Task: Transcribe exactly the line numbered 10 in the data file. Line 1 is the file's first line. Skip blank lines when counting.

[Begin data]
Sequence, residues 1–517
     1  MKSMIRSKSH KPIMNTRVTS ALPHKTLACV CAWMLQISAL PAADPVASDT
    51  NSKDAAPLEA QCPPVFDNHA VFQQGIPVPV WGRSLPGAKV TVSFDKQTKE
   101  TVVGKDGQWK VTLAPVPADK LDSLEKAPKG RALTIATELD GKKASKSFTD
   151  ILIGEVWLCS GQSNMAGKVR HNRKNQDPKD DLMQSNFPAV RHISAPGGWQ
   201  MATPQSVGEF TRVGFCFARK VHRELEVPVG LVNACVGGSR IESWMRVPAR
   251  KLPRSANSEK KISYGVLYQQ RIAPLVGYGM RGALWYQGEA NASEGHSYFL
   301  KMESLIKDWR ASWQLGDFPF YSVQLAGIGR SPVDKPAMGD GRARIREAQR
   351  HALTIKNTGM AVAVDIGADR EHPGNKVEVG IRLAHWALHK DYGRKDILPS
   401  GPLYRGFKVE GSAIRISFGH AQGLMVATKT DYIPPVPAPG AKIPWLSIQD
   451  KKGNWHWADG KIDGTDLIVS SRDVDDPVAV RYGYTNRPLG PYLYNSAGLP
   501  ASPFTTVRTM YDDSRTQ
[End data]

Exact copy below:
   401  GPLYRGFKVE GSAIRISFGH AQGLMVATKT DYIPPVPAPG AKIPWLSIQD